The CycleNav: Putting the “win” back in “Schwinn.” Photo: Eli Milchman
LAS VEGAS — Remember the Hammerhead? It’s a device that attaches to your bicycle, links to the GPS on your phone via Bluetooth, and guides you along a pre-chosen route by flashing a left or right light when you need to turn.
Schwinn‘s new CycleNav does one better. Like the Hammerhead, it attaches to your bike (via quick release) and flashes an LED light to alert you to an upcoming turn. But it also speaks voice-guided turn-by-turn navigation to you through a speaker, just like your iPhone does.
It’s become horribly obvious that the more a driver fiddles with their phone, the better chance they have of becoming involved in a car accident. But even taking one’s eyes off the road can be problematic — so Slovakian-based Sygic has added a head-up display mode to their iOS turn-by-turn navigation apps that tries to alleviate the problem by keeping the driver’s eyes focused on the road.
Ever tried using an iPhone or Android phone to navigate with GPS through crowded streets? It’s pretty difficult, even for a veteran cyclist like me, to split my focus between the road and tiny symbols on the phone’s tiny screen.
Plugging in to a headset to hear turn-by-turn directions sometimes works, but cycling with headphones can also be a pain (not to mention illegal in places under certain conditions).
The answer, of course, is a heads-up display like Google Glass; but until it’s ready, there’s the Hammerhead, a light-powered navigation aid with some other cool tricks up its sleeve.
Komoot (like commute, only not) is a gem of an app for German bikers and hikers. Or rather, it was: with today’s v5.2 update, the navigation app now comes in English, and adds support for a slew of new countries.
The short form: If you ever take to two wheels, then you need this app.
Got a Wi-Fi-only iPad, but want to access a location on Google Maps when you’re out and about in the car? How about looking at your map when the signal on your iPhone isn’t strong enough, or even when it’s non-existent?
Well, the latest iOS version of Google Maps has been updated, and one of the less publicized features is the ability to save locations for access offline. The Android version has had this feature for a while, but this is the first time the iOS one has gotten the ability.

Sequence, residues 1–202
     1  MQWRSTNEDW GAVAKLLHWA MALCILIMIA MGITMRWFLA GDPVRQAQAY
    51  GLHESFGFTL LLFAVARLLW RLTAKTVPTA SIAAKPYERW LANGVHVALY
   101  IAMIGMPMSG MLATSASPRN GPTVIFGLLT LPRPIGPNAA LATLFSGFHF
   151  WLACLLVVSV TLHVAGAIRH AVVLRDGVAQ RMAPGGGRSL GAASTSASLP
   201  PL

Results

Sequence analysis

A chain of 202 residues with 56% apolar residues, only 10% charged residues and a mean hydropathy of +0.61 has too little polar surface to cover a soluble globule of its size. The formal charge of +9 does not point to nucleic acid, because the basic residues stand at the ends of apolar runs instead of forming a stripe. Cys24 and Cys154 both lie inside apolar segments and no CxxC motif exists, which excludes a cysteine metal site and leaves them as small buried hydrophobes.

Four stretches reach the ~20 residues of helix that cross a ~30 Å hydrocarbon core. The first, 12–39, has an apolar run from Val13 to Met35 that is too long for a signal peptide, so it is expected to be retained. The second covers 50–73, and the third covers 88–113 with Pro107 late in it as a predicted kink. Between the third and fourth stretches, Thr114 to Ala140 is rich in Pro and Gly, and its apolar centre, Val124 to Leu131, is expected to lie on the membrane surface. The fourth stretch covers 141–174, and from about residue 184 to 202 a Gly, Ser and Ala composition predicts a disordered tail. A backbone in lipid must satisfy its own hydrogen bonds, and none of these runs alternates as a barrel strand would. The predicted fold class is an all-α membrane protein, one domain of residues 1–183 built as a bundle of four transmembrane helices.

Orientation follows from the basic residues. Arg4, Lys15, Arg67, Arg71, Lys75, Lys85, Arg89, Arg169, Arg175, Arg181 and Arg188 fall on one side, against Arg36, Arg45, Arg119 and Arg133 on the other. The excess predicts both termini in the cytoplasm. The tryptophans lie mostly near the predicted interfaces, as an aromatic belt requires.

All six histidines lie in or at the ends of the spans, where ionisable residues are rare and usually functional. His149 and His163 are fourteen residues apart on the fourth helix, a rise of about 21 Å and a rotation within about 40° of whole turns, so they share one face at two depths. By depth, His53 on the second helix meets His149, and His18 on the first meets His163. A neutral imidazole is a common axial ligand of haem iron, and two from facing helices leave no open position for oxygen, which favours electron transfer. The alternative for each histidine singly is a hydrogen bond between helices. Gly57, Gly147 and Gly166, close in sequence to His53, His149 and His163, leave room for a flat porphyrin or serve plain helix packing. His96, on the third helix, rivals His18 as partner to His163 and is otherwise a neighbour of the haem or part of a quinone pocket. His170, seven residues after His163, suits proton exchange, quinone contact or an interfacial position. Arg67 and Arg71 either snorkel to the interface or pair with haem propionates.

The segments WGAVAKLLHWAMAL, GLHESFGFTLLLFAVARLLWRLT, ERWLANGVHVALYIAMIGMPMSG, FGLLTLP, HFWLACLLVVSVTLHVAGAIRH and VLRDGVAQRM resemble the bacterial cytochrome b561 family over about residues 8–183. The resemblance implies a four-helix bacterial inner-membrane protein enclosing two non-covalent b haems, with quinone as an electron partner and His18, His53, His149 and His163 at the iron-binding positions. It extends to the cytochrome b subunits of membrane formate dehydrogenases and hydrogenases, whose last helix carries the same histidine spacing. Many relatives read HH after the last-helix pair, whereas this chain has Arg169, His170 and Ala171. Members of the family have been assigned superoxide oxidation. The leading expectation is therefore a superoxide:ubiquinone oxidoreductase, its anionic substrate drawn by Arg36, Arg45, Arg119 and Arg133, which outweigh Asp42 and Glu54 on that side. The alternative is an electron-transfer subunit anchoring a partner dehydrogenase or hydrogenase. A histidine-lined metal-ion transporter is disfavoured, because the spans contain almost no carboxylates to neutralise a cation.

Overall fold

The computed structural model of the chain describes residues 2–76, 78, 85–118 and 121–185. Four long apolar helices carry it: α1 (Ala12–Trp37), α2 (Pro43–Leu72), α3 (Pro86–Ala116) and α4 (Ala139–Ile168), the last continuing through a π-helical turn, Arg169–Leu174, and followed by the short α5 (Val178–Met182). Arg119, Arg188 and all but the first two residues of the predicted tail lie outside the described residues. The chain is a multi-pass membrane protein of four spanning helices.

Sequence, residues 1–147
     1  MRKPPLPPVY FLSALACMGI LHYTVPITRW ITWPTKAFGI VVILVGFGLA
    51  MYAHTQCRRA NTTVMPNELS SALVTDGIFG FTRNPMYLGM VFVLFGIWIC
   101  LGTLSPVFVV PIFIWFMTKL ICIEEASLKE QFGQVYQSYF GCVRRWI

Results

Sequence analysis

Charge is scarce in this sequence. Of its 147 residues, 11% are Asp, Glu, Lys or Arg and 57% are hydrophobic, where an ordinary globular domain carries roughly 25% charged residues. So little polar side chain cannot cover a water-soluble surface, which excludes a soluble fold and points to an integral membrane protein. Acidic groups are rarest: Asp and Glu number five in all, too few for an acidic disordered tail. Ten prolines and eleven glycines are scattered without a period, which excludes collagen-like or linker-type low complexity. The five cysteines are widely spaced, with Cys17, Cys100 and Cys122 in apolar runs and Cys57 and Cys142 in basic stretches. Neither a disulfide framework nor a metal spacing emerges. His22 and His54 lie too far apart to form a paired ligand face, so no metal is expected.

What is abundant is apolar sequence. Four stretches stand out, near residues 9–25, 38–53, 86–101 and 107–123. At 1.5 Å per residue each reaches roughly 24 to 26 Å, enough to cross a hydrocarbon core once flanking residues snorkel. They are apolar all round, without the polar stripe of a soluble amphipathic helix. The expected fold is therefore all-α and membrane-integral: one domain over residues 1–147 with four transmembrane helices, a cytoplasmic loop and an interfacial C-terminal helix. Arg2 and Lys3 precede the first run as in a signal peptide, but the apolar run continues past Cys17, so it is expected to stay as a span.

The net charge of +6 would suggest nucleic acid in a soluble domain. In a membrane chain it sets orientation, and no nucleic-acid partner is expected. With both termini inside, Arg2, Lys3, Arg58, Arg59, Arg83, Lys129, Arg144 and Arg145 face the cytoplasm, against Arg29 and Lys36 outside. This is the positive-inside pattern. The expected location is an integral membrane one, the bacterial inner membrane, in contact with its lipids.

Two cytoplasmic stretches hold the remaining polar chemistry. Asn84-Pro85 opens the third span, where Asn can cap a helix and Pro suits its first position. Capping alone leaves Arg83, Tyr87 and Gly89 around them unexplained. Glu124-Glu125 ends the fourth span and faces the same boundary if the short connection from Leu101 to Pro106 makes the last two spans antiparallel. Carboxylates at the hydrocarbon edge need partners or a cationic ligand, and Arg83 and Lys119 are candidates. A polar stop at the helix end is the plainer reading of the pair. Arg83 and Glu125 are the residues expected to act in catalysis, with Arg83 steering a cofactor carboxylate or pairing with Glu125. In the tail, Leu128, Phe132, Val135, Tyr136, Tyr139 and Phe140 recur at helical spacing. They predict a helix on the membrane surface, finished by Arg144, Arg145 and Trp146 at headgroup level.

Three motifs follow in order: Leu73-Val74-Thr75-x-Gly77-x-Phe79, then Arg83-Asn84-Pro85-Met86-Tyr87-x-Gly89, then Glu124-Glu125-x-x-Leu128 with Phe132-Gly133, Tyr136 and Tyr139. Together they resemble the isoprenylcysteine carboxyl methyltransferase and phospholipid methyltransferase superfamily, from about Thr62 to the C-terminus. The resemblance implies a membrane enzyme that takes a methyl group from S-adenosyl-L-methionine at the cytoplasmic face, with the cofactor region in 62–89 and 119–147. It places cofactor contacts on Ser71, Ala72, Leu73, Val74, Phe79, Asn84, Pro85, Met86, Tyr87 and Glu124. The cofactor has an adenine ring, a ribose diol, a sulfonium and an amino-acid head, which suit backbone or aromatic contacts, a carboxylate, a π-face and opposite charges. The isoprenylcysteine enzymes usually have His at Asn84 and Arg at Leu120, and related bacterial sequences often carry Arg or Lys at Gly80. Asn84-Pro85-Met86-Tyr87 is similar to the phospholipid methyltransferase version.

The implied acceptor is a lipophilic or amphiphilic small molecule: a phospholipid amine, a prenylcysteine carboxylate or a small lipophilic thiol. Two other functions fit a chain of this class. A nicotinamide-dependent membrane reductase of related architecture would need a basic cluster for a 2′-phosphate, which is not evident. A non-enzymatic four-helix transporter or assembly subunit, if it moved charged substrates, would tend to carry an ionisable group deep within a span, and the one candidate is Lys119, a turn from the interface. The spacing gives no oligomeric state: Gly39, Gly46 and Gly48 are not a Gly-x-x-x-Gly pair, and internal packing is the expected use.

The way you activate this feature is also kind of cute, so check it out.
Google Maps has been updated to 2.0 for iOS, which means that it finally has a native iPad interface. No longer will iPad users have to deal with stupidly-oversized navigation elements on the 2x pixel-doubled screen.
ForeverMap 2 is one of those great apps that should be a no-brainer download for any even moderately frequent map user. Unlike either the standard iOS Maps app or the Google Maps app, ForeverMap 2 can download and store custom maps on your device — allowing you to use the map and accompanying navigation features even without a wifi or data connection.
Today, ForeverMap 2 has been updated with behind-the-curtain improvements to make it much faster, and it now also includes guide information from Wikitravel. It can even route bicycle trips. Best of all, Skobbler has dropped the price from $3 to free till the end of the day.
Garmin has just announced a neat new HUD box that takes the map info from your iPhone and projects it up onto your car windshield. Named after the Paul Newman character in the movie of the same name, the HUD is designed to work with Garmin’s Navigon and Street Pilot apps, connecting to the host phone via Bluetooth.
By now you’ve probably caught wind of the short list of great apps that’ve gone free in celebration of the App Store’s fifth anniversary (if you haven’t grabbed these apps yet, take a look now before all the free ends).
Missing from that list of free apps is Localscope, a fantastic navigation and discovery tool that Apple called the best navigation app of 2011.